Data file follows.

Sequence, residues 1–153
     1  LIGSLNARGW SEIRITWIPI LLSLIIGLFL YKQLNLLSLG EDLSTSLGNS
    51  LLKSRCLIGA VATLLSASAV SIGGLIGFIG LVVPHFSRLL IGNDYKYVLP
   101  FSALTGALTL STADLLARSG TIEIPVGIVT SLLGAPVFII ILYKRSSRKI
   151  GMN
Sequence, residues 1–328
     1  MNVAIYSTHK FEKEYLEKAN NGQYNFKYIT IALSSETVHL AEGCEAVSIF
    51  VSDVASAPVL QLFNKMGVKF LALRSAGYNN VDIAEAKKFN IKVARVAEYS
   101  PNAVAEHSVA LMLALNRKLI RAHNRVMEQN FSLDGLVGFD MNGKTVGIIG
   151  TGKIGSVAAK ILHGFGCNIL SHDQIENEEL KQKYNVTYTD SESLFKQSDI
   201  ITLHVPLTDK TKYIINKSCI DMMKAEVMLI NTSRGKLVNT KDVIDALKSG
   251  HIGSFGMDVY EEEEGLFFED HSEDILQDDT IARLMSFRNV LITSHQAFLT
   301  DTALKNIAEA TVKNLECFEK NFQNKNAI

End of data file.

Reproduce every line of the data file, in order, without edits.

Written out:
Sequence, residues 1–153
     1  LIGSLNARGW SEIRITWIPI LLSLIIGLFL YKQLNLLSLG EDLSTSLGNS
    51  LLKSRCLIGA VATLLSASAV SIGGLIGFIG LVVPHFSRLL IGNDYKYVLP
   101  FSALTGALTL STADLLARSG TIEIPVGIVT SLLGAPVFII ILYKRSSRKI
   151  GMN
Sequence, residues 1–328
     1  MNVAIYSTHK FEKEYLEKAN NGQYNFKYIT IALSSETVHL AEGCEAVSIF
    51  VSDVASAPVL QLFNKMGVKF LALRSAGYNN VDIAEAKKFN IKVARVAEYS
   101  PNAVAEHSVA LMLALNRKLI RAHNRVMEQN FSLDGLVGFD MNGKTVGIIG
   151  TGKIGSVAAK ILHGFGCNIL SHDQIENEEL KQKYNVTYTD SESLFKQSDI
   201  ITLHVPLTDK TKYIINKSCI DMMKAEVMLI NTSRGKLVNT KDVIDALKSG
   251  HIGSFGMDVY EEEEGLFFED HSEDILQDDT IARLMSFRNV LITSHQAFLT
   301  DTALKNIAEA TVKNLECFEK NFQNKNAI